Coworker or robot – why not both?

Collaborative robots, or cobots, are becoming an affordable, low-risk warehousing solution

miniPal robot
Courtesy of Columbia/Okura

If “cobot” has a friendly ring, it’s by design. Collaborative robots have become a relatively low-cost and low-risk solution to a number of manufacturing and workforce development challenges such as skilled worker shortage, repetitive stress injuries, tight floor spaces and more.

Last fall, Columbia/Okura released its first palletizing cobot, a partnership with Universal Robots, which came to fruition in under a year. UR provides the robot arm, and Columbia Okura packages it with a safety mat, Schmalz vacuum end effector, conveyor, steel pallet frame, steel control panel enclosure, software, hardware, safety area scanner and LiftKit base. Aptly named the miniPal by Columbia/Okura Director of Sales Michael Stuyvesant, it’s essentially a plug-and-play palletizing solution for industries that produce and ship smaller and lighter products, such as food and beverage, pharmaceutical and cosmetic.

The main benefit with a collaborative robot is that it is safe to tuck in to a corner of a warehouse floor, and have it working among people. It does not require fencing. If a worker comes too close to it, it slows down its programmed action – referred to as collaborative mode – and if it touches another object or person, it stops altogether. There is a “virtual fence” around it, said Brian Hutton, Columbia/Okura president, and it’s designed for safety.

The miniPAL can be set up in less than a day, can be moved easily from one area of a factory floor to another, and plugs into a standard 110-volt outlet – no additional electrical work is required. While the company is currently sending out a technician to help with installation, it will not be necessary overall, said Hutton, depending on the skill and expertise of onsite technicians. There is also no extra skill needed to work the cobot. However, if a line worker is replaced by it, that worker can be retrained to oversee the collaborative robot, including programming and maintenance.

Programming the robot is done in a web browser, and if you can play a video game, said Hutton, “you are probably overqualified to program the miniPal.”

A miniPal costs just over $100,000, a far lower price point than Columbia/Okura’s other robotic and automated palletizers. And while data is still being analyzed across the cobotics industry, an estimated return on investment is eight to 14 months depending on application and industry, according to materials developed by Columbia/Okura and Stuyvesant.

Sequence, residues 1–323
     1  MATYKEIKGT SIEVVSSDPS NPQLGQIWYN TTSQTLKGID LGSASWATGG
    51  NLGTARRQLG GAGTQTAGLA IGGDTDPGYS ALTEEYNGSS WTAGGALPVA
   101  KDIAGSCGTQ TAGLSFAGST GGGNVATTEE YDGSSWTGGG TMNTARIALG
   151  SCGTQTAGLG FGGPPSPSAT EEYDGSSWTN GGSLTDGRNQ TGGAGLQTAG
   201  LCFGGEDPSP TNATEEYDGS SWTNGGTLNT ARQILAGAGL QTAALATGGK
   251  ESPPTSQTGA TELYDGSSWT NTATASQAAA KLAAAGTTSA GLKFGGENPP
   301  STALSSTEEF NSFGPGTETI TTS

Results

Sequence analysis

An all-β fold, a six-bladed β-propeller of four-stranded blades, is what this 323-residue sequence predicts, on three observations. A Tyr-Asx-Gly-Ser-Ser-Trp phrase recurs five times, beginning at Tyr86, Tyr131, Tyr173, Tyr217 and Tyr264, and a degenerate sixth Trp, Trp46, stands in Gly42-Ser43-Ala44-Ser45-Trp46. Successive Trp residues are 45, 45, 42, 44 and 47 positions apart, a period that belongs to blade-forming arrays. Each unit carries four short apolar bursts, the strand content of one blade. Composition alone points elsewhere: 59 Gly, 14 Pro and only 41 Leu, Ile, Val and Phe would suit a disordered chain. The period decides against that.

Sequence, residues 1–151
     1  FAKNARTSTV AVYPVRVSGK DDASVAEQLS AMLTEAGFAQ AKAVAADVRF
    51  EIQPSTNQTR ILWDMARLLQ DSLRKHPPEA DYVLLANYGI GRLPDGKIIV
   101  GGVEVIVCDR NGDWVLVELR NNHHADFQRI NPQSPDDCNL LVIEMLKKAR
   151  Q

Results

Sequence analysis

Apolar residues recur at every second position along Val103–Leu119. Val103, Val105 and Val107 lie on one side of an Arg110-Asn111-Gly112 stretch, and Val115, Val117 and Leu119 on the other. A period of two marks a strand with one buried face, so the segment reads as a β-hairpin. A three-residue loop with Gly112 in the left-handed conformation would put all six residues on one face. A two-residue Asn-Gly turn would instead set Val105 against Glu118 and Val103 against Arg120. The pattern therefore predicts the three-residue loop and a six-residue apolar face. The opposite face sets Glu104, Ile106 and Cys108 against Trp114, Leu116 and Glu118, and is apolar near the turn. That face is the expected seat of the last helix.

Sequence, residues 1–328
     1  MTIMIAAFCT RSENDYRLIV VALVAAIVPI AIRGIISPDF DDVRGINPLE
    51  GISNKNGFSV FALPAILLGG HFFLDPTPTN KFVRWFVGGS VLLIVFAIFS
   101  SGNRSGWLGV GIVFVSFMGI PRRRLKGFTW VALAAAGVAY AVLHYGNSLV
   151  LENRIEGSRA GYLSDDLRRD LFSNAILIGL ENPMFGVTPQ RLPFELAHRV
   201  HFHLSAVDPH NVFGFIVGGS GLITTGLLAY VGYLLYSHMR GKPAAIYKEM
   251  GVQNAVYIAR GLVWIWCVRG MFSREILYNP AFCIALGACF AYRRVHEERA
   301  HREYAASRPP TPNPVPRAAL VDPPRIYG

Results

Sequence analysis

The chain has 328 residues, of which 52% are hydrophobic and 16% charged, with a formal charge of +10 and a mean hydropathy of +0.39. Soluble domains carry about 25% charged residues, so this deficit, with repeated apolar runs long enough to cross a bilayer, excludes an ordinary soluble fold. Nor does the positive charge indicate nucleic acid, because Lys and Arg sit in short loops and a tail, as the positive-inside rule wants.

Hutton said that while he recognized that “cobots were becoming more prevalent” between 2008 and 2018, and a number of Columbia/Okura’s sales representatives had pointed that out, he “still wasn’t convinced because they were for slow-speed, lightweight lines.” Columbia/Okura and its parent company Columbia Machine, both Vancouver grown family owned companies, are known in the palletizing industry for speed and might.

Then a local Universal Robots rep called him to consider collaborating on a cobot.

“I was not too optimistic that it was a match,” said Hutton. Stuyvesant said, “I also had my doubts.” But the partnership would open palletizing verticals that previously Columbia/Okura had too much might to enter.

Stuyvesant refers to the miniPAL as the “gateway to automation” for many companies and cites safety, flexibility and reliability as workforce benefits. “They don’t call in sick – there are no insurance concerns with repetitive injuries.” The UR arm is designed for 35,000 hours before an expected joint failure.

“Palletizing is the least desirable job in a factory,” said Stuyvesant. The material handler or the forklift driver for the line is usually the employee who ultimately operates the cobot, said Hutton. Stuyvesant also consults with prospective customers about how to retrain and retain employees who were previously on the miniPAL’s line.

According to McKinsey and Co.’s July 2019 Industrial Robotics report, more than 100,000 collaborative robots are likely to be shipped in 2020. A new report from Research and Markets said that the “global collaborative robots market is expected to reach $36.84 billion by 2026 in terms of robot systems (including hardware, software and service), representing an astonishing 2019-2026 CAGR (compound annual growth rate) of 44.56%. The hardware market accounts for about one third of the total system market and will grow at 42.21% annually over the forecast years. The annual shipment is expected to exhibit a CAGR of 47.06% during the same period, advancing to 504.54 thousand units by 2026.”

Today at Columbia/Okura, miniPals are created upon ordering. Within a short time, the company intends to have up to three available on the floor for buyers. “Our intent is to have zero lead time,” said Hutton.

Collaborative robots appear to be here to stay. Check out Columbia/Okura on YouTube for video footage of the miniPAL.

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